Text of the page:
Project description:The phagocyte NADPH oxidase catalyzes the reduction of O2 to reactive oxygen species with microbicidal activity. It is composed of two membrane-spanning subunits, gp91-phox and p22-phox (encoded by CYBB and CYBA, respectively), and three cytoplasmic subunits, p40-phox, p47-phox, and p67-phox (encoded by NCF4, NCF1, and NCF2, respectively). Mutations in any of these genes can result in chronic granulomatous disease, a primary immunodeficiency characterized by recurrent infections. Using evolutionary mapping, we determined that episodes of adaptive natural selection have shaped the extracellular portion of gp91-phox during the evolution of mammals, which suggests that this region may have a function in host-pathogen interactions. On the basis of a resequencing analysis of approximately 35 kb of CYBB, CYBA, NCF2, and NCF4 in 102 ethnically diverse individuals (24 of African ancestry, 31 of European ancestry, 24 of Asian/Oceanians, and 23 US Hispanics), we show that the pattern of CYBA diversity is compatible with balancing natural selection, perhaps mediated by catalase-positive pathogens. NCF2 in Asian populations shows a pattern of diversity characterized by a differentiated haplotype structure. Our study provides insight into the role of pathogen-driven natural selection in an innate immune pathway and sheds light on the role of CYBA in endothelial, nonphagocytic NADPH oxidases, which are relevant in the pathogenesis of cardiovascular and other complex diseases.
Project description:Hepatitis B is one of the most common infectious diseases in the world; more than 350 million people are carriers of hepatitis B virus (HBV). Chronic HBV infection (CHB) leads to liver diseases such as cirrhosis, hepatocellular carcinoma (HCC), and steatosis. Despite its seriousness in terms of public health, the pathogenic mechanism of how CHB leads to liver diseases, especially cirrhosis and steatosis, remains unclear. We studied the role of HBV polymerase (HBp) reverse transcriptase (RT) activity in association with the pathogenesis of liver diseases in CHB by developing transgenic mice expressing HBp or the RT domain of HBp. Thorough pathological, serological, and histological analyses of the transgenic mice, as well as mechanistic studies, were conducted. All of the transgenic mice expressing RT in their livers developed early cirrhosis with steatosis by 18 months of age, and 10% developed HCC. The RT activity of HBp stimulates coordinated proapoptotic and proinflammatory responses involving the caspase-9, caspase-3, and caspase-1 pathways that might lead to the development of cirrhosis, HCC, and steatosis. The animal model described here should prove useful for elucidating the molecular events in the CHB-induced liver diseases.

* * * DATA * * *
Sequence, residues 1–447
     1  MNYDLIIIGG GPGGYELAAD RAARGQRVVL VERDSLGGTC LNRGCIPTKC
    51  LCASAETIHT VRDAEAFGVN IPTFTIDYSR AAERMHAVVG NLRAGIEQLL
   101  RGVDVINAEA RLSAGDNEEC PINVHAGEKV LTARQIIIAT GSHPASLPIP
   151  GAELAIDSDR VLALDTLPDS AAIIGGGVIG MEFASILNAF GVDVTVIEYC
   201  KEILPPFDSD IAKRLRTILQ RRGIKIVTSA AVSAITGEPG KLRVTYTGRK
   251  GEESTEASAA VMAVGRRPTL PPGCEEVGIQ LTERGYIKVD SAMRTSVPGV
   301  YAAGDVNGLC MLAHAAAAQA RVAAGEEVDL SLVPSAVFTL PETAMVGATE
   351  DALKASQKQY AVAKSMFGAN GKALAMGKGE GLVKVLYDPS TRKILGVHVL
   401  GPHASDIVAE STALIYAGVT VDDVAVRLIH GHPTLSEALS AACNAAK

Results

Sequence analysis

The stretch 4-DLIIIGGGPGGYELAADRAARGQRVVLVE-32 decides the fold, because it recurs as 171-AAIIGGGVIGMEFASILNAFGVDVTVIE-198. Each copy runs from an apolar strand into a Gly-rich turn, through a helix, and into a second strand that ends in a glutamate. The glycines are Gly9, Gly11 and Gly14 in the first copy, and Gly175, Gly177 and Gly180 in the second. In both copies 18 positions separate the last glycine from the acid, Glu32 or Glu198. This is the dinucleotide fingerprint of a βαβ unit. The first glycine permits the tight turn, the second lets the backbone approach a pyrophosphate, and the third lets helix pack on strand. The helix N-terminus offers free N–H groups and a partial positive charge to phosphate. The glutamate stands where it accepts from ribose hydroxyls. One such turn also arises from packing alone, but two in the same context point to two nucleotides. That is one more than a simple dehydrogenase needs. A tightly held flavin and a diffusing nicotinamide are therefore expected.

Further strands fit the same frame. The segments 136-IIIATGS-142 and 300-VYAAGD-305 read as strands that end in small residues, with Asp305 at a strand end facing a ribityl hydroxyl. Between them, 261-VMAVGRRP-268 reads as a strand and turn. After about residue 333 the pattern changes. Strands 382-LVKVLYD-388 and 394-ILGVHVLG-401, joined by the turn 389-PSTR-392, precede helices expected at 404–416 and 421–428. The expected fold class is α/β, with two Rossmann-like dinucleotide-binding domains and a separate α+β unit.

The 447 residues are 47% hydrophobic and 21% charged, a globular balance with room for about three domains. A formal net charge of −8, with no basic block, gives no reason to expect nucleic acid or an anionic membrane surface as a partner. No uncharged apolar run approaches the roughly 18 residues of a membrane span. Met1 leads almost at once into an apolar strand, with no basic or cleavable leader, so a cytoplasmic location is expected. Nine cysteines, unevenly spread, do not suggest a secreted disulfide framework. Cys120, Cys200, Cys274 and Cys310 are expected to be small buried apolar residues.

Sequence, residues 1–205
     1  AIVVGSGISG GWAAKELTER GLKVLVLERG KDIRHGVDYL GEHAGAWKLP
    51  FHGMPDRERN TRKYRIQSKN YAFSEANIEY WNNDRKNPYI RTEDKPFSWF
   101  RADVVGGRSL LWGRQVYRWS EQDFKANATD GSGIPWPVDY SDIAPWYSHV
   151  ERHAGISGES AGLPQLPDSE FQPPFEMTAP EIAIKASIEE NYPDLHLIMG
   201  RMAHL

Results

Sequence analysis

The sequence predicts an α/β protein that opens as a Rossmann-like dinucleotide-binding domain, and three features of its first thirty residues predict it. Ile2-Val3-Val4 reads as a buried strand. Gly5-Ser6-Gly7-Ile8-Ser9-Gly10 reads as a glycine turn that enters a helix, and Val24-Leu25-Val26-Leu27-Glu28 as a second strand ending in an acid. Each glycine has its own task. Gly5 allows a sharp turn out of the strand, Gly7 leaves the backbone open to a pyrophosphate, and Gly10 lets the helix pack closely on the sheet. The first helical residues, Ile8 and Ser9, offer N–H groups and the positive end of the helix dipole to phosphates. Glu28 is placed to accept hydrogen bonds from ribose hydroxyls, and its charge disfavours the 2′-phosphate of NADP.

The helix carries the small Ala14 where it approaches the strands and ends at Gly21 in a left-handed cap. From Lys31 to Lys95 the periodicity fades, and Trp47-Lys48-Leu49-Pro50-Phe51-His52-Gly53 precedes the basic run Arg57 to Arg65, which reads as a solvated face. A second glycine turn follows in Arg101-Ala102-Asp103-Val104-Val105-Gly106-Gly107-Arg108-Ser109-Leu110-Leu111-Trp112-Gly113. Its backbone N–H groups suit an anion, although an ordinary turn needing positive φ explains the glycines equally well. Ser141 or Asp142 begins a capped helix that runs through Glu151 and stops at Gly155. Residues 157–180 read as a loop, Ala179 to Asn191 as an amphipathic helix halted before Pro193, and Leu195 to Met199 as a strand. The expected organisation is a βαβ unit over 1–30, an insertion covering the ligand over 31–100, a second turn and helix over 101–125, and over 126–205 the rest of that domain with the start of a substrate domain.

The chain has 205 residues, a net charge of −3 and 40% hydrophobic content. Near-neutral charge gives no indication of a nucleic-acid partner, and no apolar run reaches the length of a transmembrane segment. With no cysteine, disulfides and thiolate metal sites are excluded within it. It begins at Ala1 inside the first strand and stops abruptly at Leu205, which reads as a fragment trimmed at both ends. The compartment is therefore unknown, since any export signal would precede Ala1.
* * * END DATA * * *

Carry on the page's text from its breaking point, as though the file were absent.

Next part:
Project description:Liver steatosis may occur concomitantly in patients with chronic hepatitis B infection (CHB) and is implicated in increased morbidity and mortality. Hepatitis B virus (HBV) viral load is a marker for disease progression and long-term outcomes in CHB. We investigated the association between liver steatosis and HBV viral load and their individual effects on all-cause mortality and the development of cancer in patients with CHB and liver steatosis. Methods:This retrospective study included 524 treatment-naïve patients with CHB, with a mean follow-up of 6 years. Liver biopsy was available for 170 patients and liver steatosis was validated by at least 3 ultrasonographic examinations. Results:A total of 241/524 (46%) patients with CHB had liver steatosis, with a strong correlation between the degree of liver steatosis as assessed by ultrasonography or by liver biopsy (r = 0.9, p < 0.001). Although liver steatosis was not significantly associated with advanced fibrosis, a multivariate analysis showed that liver steatosis was associated with a 4-fold increased risk of all-cause mortality and cancer (hazard ratio 4.35; 95% CI 1.69-8.99; p < 0.001), irrespective of other major metabolic factors. However, baseline HBV viral load was not significantly associated with this composite outcome (hazard ratio 1.65; p = 0.29). In addition, liver steatosis was inversely associated with HBV viral load. Conclusion:Patients with CHB and liver steatosis have an increased risk of all-cause mortality and cancer development compared to patients with CHB without liver steatosis, regardless of their baseline HBV viral load. Although tending to have a lower baseline viral load, patients with CHB and liver steatosis should be closely monitored irrespective of viral load. Lay summary:Patients with chronic hepatitis B infection (CHB) may have liver steatosis at the same time. Here we show that in patients with CHB, liver steatosis is significantly associated with all-cause mortality and cancer, irrespective of other major metabolic factors, and the effect of liver steatosis on mortality and cancer is stronger than the effect of hepatitis B viral load on these outcomes. Thus, patients with CHB and liver steatosis should be closely monitored, irrespective of their viral load.